If you have persistent chronic pain in your back, neck, or hips, spinal decompression therapy may offer relief. This non-invasive therapy treats the root cause of your pain. This form of therapeutic traction is most helpful for people with disc degeneration, bulging or herniated discs, and radiculopathy (pain radiating into the arms or legs).

Spinal decompression can help a significant percentage of patients without requiring surgery. This is especially helpful for patients with disc issues like loss of disc height that are traditionally treated with surgery alone. 

In our office, we’ve seen a significant improvement in pain for patients with disc problems, especially those whose spines don’t respond as quickly to chiropractic adjustments. It’s best when used over multiple sessions, and all of the feedback I’ve gotten is that it’s incredibly gentle and a great help. In fact, we invested in our own spinal decompression table just recently!

Learn more about the benefits of spinal decompression below.

What Is Spinal Decompression?

Spinal decompression is a non-surgical therapy that may relieve back pain and promote the natural healing of the spine. Decompression therapy gently stretches the spine, creating a vacuum effect that helps retract herniated or bulging discs. It’s one of the only effective non-surgical treatment options for disc pain.

A decompression table allows chiropractors greater precision in the target area, especially compared to an inversion table or other forms of traction that don’t let you dial in the tension applied or the region you’re applying tension to.

This safe, painless process also enhances the flow of nutrients, oxygen, and fluids into the spinal discs, further facilitating disc healing and reducing pinched nerves. I find that patients whose spines are most stubborn to respond well to adjustments benefit most from spinal decompression.

Spinal decompression should be performed by a qualified chiropractor. Do not attempt decompression at home. Your chiropractor may recommend targeted at-home stretches that are safe and helpful.

“Spinal decompression” sometimes refers to surgical treatment, but non-surgical decompression therapy is not the same as surgical spinal decompression.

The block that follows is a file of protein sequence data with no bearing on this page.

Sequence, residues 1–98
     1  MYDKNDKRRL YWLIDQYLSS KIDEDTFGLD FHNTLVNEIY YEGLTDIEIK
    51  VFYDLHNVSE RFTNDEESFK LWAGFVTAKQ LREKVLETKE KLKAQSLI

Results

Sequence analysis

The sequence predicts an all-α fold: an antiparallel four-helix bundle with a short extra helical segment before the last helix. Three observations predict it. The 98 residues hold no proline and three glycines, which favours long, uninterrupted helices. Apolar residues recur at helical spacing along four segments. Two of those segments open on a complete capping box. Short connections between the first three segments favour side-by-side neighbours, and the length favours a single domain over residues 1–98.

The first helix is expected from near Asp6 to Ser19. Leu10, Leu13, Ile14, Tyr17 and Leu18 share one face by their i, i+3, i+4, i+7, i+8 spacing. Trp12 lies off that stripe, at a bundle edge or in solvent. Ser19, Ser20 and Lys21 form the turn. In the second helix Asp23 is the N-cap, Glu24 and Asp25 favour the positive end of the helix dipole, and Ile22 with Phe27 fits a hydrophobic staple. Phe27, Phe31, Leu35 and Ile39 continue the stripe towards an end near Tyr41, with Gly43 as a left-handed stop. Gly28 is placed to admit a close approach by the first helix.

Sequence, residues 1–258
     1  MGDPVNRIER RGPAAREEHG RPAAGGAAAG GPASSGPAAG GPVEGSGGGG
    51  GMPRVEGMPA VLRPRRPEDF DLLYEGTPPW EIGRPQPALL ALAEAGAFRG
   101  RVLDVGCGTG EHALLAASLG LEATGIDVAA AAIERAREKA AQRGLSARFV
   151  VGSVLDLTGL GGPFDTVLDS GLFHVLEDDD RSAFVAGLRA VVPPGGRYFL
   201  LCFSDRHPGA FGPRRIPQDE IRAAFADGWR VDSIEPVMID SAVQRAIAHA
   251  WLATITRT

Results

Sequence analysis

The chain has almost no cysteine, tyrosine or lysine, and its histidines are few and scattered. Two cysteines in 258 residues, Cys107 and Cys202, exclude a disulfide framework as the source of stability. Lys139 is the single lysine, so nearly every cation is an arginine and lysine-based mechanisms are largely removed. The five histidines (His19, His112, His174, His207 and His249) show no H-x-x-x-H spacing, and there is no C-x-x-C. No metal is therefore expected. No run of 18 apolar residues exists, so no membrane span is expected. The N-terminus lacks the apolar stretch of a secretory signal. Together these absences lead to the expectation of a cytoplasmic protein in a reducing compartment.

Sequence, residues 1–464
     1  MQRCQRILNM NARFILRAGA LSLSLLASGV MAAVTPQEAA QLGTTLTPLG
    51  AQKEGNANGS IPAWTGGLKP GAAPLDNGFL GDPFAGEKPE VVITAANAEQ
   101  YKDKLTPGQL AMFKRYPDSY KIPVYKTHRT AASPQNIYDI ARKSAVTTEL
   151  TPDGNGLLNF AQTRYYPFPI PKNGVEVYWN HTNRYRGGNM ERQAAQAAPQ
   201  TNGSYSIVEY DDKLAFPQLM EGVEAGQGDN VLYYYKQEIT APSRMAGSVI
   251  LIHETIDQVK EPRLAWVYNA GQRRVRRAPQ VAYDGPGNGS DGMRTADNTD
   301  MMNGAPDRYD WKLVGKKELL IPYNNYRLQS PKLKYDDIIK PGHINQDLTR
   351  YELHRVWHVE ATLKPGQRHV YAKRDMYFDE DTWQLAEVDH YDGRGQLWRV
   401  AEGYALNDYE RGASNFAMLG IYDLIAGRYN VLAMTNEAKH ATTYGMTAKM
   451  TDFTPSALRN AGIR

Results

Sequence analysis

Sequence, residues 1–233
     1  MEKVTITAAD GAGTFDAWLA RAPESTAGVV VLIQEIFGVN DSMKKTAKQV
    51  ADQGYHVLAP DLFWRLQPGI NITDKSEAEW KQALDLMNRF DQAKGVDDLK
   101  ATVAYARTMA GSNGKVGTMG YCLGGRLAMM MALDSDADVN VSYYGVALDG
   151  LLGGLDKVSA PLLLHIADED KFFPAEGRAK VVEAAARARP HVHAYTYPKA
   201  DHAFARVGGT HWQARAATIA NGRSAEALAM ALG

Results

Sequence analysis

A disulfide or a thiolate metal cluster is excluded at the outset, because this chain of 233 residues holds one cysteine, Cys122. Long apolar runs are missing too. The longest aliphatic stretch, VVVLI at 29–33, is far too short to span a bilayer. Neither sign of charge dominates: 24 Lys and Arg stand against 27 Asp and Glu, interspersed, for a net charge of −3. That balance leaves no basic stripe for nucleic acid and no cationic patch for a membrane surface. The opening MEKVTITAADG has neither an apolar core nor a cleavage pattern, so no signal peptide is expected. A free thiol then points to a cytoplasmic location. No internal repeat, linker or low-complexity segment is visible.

Types of Spinal Decompression Therapy

Below are the most common types of spinal decompression therapy:

  • Motorized Traction — This method involves a traction table or similar device intermittently stretching and relaxing the spinal column. Chiropractors and physical therapists often use spinal decompression tables for the most precise results.
  • Manual Spinal Decompression — This type is also performed by a chiropractor using instrument-free, hands-on techniques to stretch the spine.
  • Surgery — Spinal decompression surgery may include removing vertebra bone (laminectomy) or spinal disc (discectomy). A surgeon may also fuse two vertebrae together with a bone graft. 

Back surgery is invasive and more dangerous than the other types but may be needed in severe circumstances.

Our office at Denver Upper Cervical Chiropractic just invested in a new spinal decompression table for our patients. We are seeing incredible results in their quality of life! To schedule an appointment, call 303-955-8270.

Triton DTS 6M table at Denver's best orthospinology chiropractor

Benefits of Spinal Decompression Therapy

According to recent research, the health benefits of non-surgical spinal decompression therapy include the following:

  • Pain relief
  • Increased range of motion
  • More back muscle endurance
  • Higher quality of life
  • Fewer side effects compared to pharmaceuticals or surgery

Conditions That Spinal Compression May Treat

Non-surgical spinal decompression therapy may benefit these conditions:

Symptoms of a Compressed Spine

It’s vital to recognize the signs of compressed nerves and a compressed spine. If you’re experiencing any of the following symptoms, spinal decompression therapy may be beneficial for you:

  • Chronic pain in the lower back, neck, or buttocks — Leg pain, neck pain, or back pain that doesn’t improve with conventional treatments
  • Numbness or tingling — Sensations in the arms, hands, legs, or feet
  • Weakness — Difficulty moving the affected parts of the body
  • Reduced range of motion — Difficulty bending or twisting

Read more: Can Chiropractors Relieve Occipital Neuralgia Pain?

Common Causes of a Compressed Spine

Below are the most common causes of compressed spine symptoms:

  • Herniated or bulging discs — Discs protrude and press on spinal nerve roots when herniated or bulging
  • Degenerative disc disease — The discs between the vertebrae lose their cushioning in this disease, leading to pain
  • Poor posture — Posture misalignments put extra pressure on the spinal cord
  • Back injury — Accidents, falls, and other injuries increase the risk of nerve compression and lumbar spine pain

When to Discuss Surgery

In certain cases, conservative treatments may fail to provide relief, and you and your doctor might consider different types of surgery. Here are the signs that orthopedic surgery should be discussed:

  • Persistent pain — When non-invasive treatments have failed to improve your symptoms and quality of life